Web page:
Unfortunately, this festival occurs way back in Bridgeport, Ct., at nearly the exact same time as we're enjoying our faces off at the 10,000 Lakes Festival. But hopefully there will be more opportunities in the future.
Burning Man. We though for a moment that we'd be able to catch some of this unusual utopia in the deserts of Nevada, in a small community called Black Rock City that becomes the third-largest city in the state while the festival is in action. This is not a hippie festival, a jam band festival, or anything from that cut of meat whatsoever. This is the most eclectic convergence of people and artistic work and behavior in the entire country, a wild, glorious communal expression of self in mind and body.
Alas, the festival occus during the week of August 31-September 7, which as I've mentioned is the final week of our 100-day excursion. I will not be there to shed my clothes and howl at the moon... at least, not this year.
The Price is Right. This was one of those shows that stood by, watching wisely and stoically like an old owl as I grappled my way through childhood, adolescence and even today in my young adulthood. Bob Barker was always the grandfather of television game shows, constantly reminding us that the pet population was not to be ignored.
Nowadays, Drew Carey has taken over in Bob's retirement, and it remains the same entertaining show that it used to be, bringing up members of the audience as contestants on what seems to be the basis of, "Who has the most eye-catching shirt on?"
And this show films in Los Angeles, and fairly frequently, at that. But sadly, they will be on a brief production break during our swing through the area, and Joey and Sarah won't stand for waiting around. I'm with them, reluctantly.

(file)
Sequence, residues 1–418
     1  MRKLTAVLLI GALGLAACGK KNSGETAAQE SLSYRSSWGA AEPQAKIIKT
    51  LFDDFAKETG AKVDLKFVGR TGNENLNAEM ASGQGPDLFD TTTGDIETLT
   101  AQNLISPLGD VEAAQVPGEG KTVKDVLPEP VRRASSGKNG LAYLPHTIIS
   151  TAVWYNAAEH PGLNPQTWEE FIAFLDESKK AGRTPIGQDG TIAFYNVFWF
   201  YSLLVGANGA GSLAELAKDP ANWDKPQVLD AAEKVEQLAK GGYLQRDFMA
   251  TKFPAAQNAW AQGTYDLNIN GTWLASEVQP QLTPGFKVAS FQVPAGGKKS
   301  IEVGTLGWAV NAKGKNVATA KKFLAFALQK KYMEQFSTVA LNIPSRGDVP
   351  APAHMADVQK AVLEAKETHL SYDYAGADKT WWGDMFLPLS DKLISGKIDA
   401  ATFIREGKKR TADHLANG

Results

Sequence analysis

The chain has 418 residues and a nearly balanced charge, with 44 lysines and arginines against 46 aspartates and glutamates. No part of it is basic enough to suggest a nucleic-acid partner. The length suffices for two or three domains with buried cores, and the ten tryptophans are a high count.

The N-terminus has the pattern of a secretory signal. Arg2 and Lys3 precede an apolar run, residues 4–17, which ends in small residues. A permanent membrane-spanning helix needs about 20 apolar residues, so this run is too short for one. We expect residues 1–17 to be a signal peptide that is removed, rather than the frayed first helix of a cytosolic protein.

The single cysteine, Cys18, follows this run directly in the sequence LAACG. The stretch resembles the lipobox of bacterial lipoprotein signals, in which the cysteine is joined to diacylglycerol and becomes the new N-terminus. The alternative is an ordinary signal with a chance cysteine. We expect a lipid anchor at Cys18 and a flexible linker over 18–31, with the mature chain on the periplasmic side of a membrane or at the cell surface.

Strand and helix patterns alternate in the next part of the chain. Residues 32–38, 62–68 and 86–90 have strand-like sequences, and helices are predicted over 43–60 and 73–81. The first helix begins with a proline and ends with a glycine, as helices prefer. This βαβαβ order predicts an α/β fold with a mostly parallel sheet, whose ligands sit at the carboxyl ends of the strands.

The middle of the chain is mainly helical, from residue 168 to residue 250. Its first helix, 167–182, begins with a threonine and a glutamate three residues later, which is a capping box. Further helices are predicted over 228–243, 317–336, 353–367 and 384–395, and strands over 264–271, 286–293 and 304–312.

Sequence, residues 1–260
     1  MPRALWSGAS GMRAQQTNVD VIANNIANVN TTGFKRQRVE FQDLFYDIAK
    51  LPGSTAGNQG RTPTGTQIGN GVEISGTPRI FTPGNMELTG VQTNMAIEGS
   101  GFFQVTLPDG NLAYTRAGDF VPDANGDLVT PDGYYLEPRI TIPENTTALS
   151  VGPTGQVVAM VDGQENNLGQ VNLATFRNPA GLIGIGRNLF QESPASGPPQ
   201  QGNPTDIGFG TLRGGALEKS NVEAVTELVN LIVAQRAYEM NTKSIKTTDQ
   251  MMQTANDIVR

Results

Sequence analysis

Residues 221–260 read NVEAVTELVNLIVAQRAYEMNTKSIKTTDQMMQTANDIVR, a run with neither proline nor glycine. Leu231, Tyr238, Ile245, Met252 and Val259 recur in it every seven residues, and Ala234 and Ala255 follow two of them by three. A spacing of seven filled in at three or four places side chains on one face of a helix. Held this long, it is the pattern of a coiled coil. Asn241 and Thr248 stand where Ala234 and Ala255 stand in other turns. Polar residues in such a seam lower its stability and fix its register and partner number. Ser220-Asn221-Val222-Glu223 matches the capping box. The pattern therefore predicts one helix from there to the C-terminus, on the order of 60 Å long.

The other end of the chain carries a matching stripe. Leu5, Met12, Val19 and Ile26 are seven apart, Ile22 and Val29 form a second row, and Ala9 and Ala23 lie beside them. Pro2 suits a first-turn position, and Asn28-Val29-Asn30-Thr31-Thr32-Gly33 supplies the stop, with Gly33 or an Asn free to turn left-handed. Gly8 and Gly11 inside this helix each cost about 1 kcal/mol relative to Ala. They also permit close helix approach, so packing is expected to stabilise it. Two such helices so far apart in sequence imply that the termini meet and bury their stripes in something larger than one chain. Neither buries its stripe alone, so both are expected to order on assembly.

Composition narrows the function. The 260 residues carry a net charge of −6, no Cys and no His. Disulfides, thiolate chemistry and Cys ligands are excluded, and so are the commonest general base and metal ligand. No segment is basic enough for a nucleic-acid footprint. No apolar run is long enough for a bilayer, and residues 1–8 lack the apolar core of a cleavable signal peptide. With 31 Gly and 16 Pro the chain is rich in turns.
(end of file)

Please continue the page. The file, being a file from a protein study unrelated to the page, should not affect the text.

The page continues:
The Colbert Report. You might be thinking, hold on a minute, Tom. Don't you live just two hours from New York, where the Colbert Report is taped four times per week? Didn't you just see a filming of The Daily Show With Jon Stewart a few months ago?
Yes, and yes. Both are true. But due to the sheer awesomeness of Mr. Colbert's show, it is practically impossible to get tickets. They're free, and they're distributed online, which means even yours truly could theoretically have a chance at snagging a cluster of seats. But they are sold out, and continue to disappear the instant they're put online for availability.
With a mission as patriotic as that which I and my companions have adopted, I believe it is within the realm of Mr. Colbert's own patriotic duty to see to it that his show becomes a part of our visit to the Big Apple. And I'll be sure to notify you if he feels the same way.
(From top) Photo courtesy nlqp.com; photo by gabi+kyle courtesy flickr.com; photo by Caroline Miller courtesy burningman.com; photo courtesy flickr.com; image courtesy flickr.com.
I know you’re my biggest fan, so I hope that you didn’t chance upon this site lately. We posted a list of destinations without Williamsport, PA on it. I appreciate all you have done and continue to do for me throughout my life, you are awesome in countless ways, and we were busy listing iconic cities and… well… while I refuse to lay any blame, I guess what it comes down to is that it is mostly Tom’s fault.